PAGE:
But mainly, it was the ideas in the episode. They weren’t original to me. The idea that the TARDIS is female, that the TARDIS chose the Doctor as much as the Doctor chose her, the idea that the TARDIS is alive and loves the Doctor — these are common ideas in the literature, especially in the work of Lawrence Miles (“Toy Story”) or Tony Lee (The Forgotten), and thus “The Doctor’s Wife” struck me as trodding on familiar ground.
And so I left “The Doctor’s Wife” feeling distinctly meh about the episode. There were some lovely scenes — I loved the Doctor and Idris building a functioning TARDIS console from stone knives and bearskins, and the Doctor talking to the TARDIS as he worked in the wiring at the end was beautiful — but I was left unmoved by the whole thing.
It was the commercials. The commercials ruined the pacing and they sabotaged the mood. And as I said, Gaiman’s best work relies on pacing and mood.
I rewatched “The Doctor’s Wife” this morning. Uncut, without commercials and without BBC America’s bugs on the screen, the episode had a much better flow. More importantly, the emotional beats of the episode built upon one another in ways that they weren’t on BBC America with the artificially imposed commercial breaks. As Idris died I choked up, as her spirit fled back into the TARDIS I cried, and as the Doctor had his last conversation with her I positively wept.
Doctor Who doesn’t work with commercials, clearly.
I wished the episode were longer. I almost wish there weren’t as much running-in-corridors for Amy and Rory, because those scenes took away from the Doctor and the TARDIS finally talking to one another. And even though Idris kissed her “thief” at the beginning of the episode, when the Doctor had no idea who she was, I wished for a scene where the Doctor kisses her, because he knows exactly who she is. I hoped for a scene where Idris archived the console room that she and the Doctor built, in case that someday, in a fit of nostalgia, the Doctor wanted to remember the adventure he had with his TARDIS. The final scene, with the Doctor alone with his console room, is both sad (for what the Doctor has lost) and happy (for the promise of adventures still to come between the TARDIS and her pilot). And, in a tighter context, the things that felt derivative didn’t feel it quite so much; instead, it felt like Gaiman were taking all the familiar places (like as in, say, “The Problem of Susan”) and taking them to their logical conclusions.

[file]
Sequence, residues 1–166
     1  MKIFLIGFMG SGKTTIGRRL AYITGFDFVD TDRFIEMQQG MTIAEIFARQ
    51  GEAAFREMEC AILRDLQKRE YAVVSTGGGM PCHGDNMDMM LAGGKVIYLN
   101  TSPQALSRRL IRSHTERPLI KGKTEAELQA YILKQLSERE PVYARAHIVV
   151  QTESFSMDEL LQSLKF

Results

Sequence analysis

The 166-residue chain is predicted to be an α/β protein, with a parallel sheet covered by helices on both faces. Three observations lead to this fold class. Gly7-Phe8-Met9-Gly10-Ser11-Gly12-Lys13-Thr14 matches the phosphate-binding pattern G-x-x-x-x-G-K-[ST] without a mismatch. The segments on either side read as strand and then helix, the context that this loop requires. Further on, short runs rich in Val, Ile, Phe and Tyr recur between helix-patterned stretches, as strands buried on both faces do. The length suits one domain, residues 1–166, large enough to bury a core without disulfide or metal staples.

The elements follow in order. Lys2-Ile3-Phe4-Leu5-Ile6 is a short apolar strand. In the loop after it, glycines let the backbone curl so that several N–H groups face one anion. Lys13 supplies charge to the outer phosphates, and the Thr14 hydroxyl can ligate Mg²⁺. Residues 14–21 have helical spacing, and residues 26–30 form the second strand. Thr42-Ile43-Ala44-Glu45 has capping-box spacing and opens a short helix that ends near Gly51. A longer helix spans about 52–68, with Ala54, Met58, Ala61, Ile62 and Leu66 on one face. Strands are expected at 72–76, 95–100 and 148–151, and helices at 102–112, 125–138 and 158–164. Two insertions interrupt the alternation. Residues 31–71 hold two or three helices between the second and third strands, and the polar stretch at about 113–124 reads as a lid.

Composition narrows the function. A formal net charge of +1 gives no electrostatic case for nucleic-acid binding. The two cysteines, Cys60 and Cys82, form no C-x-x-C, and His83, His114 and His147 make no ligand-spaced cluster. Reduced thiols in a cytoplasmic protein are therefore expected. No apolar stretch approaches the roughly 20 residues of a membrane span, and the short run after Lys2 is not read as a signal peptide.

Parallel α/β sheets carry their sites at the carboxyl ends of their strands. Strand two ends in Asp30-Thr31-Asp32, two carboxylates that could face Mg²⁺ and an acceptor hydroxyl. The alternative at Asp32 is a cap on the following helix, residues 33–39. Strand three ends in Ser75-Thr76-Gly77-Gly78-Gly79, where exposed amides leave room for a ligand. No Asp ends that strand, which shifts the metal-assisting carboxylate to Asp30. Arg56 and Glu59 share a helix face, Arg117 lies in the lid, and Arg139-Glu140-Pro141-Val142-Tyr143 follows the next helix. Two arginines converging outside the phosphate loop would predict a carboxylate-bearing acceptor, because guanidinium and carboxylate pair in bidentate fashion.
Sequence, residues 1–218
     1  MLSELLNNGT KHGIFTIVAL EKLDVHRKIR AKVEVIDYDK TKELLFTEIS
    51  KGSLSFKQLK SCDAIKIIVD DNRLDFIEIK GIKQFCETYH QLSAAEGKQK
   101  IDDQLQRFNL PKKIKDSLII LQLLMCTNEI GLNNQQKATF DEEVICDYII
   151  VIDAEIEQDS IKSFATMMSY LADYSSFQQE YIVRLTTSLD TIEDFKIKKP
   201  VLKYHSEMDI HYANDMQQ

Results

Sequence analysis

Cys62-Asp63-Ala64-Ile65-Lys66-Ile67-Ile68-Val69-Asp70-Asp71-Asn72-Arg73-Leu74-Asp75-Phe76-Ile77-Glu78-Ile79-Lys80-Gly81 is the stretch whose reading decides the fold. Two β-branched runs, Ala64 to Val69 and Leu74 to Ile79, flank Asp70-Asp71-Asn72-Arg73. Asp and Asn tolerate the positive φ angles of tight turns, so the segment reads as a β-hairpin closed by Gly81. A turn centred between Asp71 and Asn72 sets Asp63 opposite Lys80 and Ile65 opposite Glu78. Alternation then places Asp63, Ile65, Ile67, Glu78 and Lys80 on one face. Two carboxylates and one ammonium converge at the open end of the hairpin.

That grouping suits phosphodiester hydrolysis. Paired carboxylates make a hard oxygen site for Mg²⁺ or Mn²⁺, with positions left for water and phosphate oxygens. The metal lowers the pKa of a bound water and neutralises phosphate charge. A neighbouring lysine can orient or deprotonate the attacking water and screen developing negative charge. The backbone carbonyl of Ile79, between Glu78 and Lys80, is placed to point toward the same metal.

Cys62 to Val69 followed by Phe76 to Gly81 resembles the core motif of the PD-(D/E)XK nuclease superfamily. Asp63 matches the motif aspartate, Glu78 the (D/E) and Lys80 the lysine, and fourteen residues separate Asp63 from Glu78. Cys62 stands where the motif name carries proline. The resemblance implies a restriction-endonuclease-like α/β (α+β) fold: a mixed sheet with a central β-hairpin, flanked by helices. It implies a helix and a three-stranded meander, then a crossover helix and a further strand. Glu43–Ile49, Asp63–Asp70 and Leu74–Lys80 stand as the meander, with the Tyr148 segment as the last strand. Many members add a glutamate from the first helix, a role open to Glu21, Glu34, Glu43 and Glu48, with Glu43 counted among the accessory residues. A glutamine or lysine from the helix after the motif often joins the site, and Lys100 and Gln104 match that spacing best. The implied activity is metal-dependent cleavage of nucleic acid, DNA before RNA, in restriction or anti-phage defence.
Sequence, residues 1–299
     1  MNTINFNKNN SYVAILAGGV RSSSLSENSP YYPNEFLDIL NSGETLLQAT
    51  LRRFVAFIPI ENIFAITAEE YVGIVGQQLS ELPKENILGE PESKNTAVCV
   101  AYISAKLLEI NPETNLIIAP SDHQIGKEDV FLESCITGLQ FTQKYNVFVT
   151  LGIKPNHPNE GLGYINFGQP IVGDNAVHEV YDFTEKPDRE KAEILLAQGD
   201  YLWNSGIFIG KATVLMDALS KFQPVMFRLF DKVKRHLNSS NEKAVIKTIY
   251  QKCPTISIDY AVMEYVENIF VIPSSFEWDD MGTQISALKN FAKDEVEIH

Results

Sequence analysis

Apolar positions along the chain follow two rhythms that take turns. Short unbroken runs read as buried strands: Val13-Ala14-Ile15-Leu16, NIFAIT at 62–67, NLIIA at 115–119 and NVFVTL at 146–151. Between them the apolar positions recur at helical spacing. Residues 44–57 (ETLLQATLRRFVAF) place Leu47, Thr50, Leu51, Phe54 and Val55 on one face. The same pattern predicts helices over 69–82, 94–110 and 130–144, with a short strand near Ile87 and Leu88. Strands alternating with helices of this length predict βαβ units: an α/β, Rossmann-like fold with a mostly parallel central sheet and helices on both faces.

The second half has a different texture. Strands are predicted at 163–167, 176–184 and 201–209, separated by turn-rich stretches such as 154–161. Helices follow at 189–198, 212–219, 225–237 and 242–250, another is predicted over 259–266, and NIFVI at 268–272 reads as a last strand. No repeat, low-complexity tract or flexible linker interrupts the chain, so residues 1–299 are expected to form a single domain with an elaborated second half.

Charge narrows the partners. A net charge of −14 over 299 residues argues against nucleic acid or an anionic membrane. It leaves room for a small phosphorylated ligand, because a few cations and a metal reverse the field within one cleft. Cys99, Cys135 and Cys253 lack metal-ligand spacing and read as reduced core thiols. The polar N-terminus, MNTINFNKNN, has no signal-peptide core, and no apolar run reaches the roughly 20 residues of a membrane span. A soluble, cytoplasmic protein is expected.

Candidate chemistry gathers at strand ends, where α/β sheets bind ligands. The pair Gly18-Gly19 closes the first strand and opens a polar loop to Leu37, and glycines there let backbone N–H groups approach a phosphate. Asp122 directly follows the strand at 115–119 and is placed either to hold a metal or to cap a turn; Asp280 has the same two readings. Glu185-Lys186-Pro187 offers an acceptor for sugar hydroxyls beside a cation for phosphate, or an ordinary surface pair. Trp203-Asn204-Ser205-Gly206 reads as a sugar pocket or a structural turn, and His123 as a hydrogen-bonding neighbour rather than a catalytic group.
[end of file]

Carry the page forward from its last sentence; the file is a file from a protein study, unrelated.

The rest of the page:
I don’t think “The Doctor’s Wife” is as revelatory as some online have called it; it’s fanwanky in ways that the new series simply hasn’t been the last six years. Nor would I would put “The Doctor’s Wife” among Gaiman’s best work, as it lacked the meta spin on a familiar tale that so typifies the best of Gaiman’s storytelling. (However, the script for the episode, apparently, was replete with meta references to Doctor Who‘s history, and I now hope that the script might be published in some fashion.) It is, however, when viewed properly, as it was meant to be viewed, a moving exploration of the love between a boy and his favorite toy, in this case an impossibly old boy and a sentient time-traveling toy. And in that, the story ultimately succeeds.
You’ll want to skip the commercial breaks, though. They totally ruin the flow. :h2g2: